Population-weighted ozone levels increased by 7·2% globally from 1990 (56·8 parts per billion [ppb]) to 2015 (60·9 ppb). Within the world’s ten most populous countries, increases of 14–25% were noted in China, India, Pakistan, Bangladesh, and Brazil, with smaller increases in Japan and negligible changes in Russia and Nigeria (data not shown). Decreases in population-weighted concentrations were noted in the USA (5·2%; from 70·2 ppb to 66·5 ppb) and Indonesia (12·9%; from 50·2 ppb to 43·7 ppb).
Long-term exposure to PM2·5 contributed to 4·2 million (95% UI 3·7 million to 4·8 million) deaths and to a loss of 103·1 million (90·8 million to 115·1 million) DALYs in 2015, representing 7·6% of total global deaths and 4·2% of global DALYs, which is an increase from 1990. In 2015, ambient PM2·5 was the fifth-ranked risk factor for global deaths and sixth-ranked risk factor for DALYs among the risk factors included in GBD 2015 (figure 3). DALYs attributable to long-term exposure to PM2·5 consisted of 99·2 million (95% UI 87·7 million to 111·0 million) years of life lost and 3·9 million (2·6 million to 5·2 million) years lived with disability in 2015.
Household air pollution from solid fuel use was responsible for 2·8 million (95% UI 2·2 million to 3·6 million) deaths and 85·6 million (66·7 million to
Figure 3: Leading level 3 Global Burden of Diseases global risk factors for deaths (A) and disability-adjusted life-years (B), 1990 and 2015 Risks are connected by lines between years; solid lines show risks that have stayed the same or moved higher in the ranking and dashed lines show risks that have moved lower.
1990 rank 2015 rank
3 Childhood undernutrition 4 Ambient particulate matter pollution 5 Household air pollution from solid fuels 6 High total cholesterol
7 High fasting plasma glucose 8 Diet high in sodium 9 High body-mass index
16 Diet low in vegetables 17 Impaired kidney function 10 Unsafe water source 11 Diet low in whole grains 12 Diet low in fruits 13 Alcohol use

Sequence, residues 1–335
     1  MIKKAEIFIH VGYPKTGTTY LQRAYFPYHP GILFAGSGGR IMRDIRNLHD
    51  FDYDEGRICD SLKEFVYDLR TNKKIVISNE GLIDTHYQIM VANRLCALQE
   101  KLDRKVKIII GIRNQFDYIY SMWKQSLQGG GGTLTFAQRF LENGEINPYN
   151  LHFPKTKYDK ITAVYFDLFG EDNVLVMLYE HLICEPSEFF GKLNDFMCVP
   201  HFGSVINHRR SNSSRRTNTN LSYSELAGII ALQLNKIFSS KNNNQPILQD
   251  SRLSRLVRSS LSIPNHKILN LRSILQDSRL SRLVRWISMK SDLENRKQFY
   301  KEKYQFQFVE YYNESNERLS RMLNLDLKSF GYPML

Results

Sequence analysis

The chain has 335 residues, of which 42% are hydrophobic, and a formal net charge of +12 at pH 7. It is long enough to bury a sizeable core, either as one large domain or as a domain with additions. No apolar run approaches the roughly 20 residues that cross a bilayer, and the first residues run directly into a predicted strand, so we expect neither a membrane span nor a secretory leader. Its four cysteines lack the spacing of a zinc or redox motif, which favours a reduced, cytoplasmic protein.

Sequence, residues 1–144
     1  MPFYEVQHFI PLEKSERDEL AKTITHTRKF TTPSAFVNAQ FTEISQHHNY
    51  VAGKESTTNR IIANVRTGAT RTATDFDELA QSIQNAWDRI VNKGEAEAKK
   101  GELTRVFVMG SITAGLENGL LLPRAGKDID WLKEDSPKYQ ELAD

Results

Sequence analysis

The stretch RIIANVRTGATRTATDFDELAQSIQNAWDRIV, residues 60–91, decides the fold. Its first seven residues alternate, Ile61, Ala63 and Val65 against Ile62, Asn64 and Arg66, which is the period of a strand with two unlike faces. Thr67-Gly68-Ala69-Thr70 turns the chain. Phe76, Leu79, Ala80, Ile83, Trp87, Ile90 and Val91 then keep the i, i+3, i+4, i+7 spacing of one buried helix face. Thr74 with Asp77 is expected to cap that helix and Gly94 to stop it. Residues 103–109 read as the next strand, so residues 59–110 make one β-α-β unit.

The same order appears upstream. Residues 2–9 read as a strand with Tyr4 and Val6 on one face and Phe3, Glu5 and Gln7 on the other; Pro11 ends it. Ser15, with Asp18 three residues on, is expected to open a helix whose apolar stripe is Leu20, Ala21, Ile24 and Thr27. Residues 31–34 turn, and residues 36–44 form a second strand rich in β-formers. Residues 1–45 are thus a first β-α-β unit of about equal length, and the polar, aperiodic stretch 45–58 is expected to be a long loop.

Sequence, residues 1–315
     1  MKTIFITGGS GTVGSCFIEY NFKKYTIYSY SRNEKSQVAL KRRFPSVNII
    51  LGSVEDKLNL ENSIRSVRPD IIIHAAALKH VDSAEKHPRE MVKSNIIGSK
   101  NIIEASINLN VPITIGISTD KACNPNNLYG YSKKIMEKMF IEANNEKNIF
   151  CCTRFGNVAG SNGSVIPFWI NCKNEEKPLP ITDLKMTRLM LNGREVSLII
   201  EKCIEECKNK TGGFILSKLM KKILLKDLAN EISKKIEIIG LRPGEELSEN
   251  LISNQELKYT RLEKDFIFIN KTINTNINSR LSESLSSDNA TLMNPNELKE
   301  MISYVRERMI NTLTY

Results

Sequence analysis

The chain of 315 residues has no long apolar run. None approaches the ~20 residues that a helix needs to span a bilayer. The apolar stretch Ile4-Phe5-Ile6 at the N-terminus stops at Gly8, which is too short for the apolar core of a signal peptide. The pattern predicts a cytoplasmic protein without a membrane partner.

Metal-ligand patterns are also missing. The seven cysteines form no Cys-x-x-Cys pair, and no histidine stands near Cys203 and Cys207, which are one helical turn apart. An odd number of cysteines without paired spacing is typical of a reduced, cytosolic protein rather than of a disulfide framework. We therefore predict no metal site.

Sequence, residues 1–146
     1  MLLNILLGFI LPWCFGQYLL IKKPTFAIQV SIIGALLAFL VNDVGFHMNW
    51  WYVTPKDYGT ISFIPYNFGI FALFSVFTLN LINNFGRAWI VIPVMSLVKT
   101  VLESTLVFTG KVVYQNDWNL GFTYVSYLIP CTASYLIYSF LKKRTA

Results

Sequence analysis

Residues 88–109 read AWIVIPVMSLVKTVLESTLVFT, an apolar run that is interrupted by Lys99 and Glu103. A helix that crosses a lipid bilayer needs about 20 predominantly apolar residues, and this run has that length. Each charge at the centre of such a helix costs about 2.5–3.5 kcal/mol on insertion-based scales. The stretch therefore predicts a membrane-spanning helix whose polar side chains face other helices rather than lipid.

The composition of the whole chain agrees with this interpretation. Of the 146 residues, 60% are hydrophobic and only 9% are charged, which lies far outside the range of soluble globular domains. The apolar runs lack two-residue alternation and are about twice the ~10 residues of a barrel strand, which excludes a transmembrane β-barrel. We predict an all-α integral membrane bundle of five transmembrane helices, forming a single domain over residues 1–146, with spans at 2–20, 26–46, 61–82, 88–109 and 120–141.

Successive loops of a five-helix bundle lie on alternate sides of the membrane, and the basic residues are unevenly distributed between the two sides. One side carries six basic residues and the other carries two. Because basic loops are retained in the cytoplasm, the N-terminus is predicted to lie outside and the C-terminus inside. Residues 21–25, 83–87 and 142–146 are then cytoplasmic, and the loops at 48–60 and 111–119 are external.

18 Diet low in nuts and seeds
13 Diet low in nuts and seeds
19 Suboptimal breastfeeding 20 Low physical activity
21 Diet low in seafood omega3 fatty acids 22 Second-hand smoke
23 Unsafe sex
15 Low physical activity
24 Diet high in processed meat 14 Unsafe sanitation 15 No handwashing with soap
1 High systolic blood pressure
Environmental or occupational risks Behavioural risks
Metabolic risks 1 High systolic blood pressure 2 Smoking
3 High fasting plasma glucose 4 High total cholesterol
5 Ambient particulate matter pollution 6 Diet high in sodium
7 High body-mass index 8 Diet low in whole grains 9 Diet low in fruits
10 Household air pollution from solid fuels
19 Unsafe water source 20 No handwashing with soap 11 Impaired kidney function 12 Alcohol use 14 Diet low in vegetables
17 Unsafe sex
16 Diet low in seafood omega3 fatty acids 18 Childhood undernutrition
23 Diet high in processed meat 24 Suboptimal breastfeeding 22 Unsafe sanitation 21 Second-hand smoke
2 Unsafe water source 3 High systolic blood pressure 4 Household air pollution from solid fuels 5 Smoking
6 Ambient particulate matter pollution 7 Unsafe sanitation
8 Suboptimal breastfeeding 9 No handwashing with soap
16 Diet low in fruits 17 Iron deficiency
10 High fasting plasma glucose 11 Alcohol use
12 High total cholesterol 13 High body-mass index
18 Second-hand smoke
13 Diet low in fruits
19 Vitamin A deficiency 20 Unsafe sex
21 Impaired kidney function 22 Diet low in vegetables 23 Diet low in nuts and seeds
15 Impaired kidney function
24 Low physical activity 14 Diet high in sodium 15 Diet low in whole grains
1 Childhood undernutrition 1 High systolic blood pressure
3 High fasting plasma glucose 4 High body-mass index 5 Childhood undernutrition 6 Ambient particulate matter pollution 7 High total cholesterol
8 Household air pollution from solid fuels 9 Alcohol use
10 Diet high in sodium
19 Unsafe sanitation 11 Diet low in whole grains 12 Unsafe sex 14 Unsafe water source
17 Diet low in nuts and seeds 16 Iron deficiency 18 No handwashing with soap
23 Second-hand smoke 24 Vitamin A deficiency 22 Suboptimal breastfeeding 21 Low physical activity A
106·1 million) DALYs in 2015. Together, ambient and household air pollution were estimated to have caused 6·4 million (5·7 million to 7·3 million) deaths in 2015.
Mortality from cardiovascular disease (IHD and cerebrovascular disease) accounted for most deaths and DALYs attributable to ambient PM2·5 air pollution (figure 4; table 1). Ambient PM2·5 air pollution contributed to 17·1% of IHD, 14·2% of cerebrovascular disease, 16·5% of lung cancer, 24·7% of LRI, and 27·1% of COPD mortality in 2015 according to GBD compare.21
Age-standardised death and DALY rates due to exposure to PM2·5 were higher in males than females (table 1), as a result of higher all-cause mortality rates in
males (1018·6 per 100 000 males vs 703·4 per
100 000 females21). They were also higher in elderly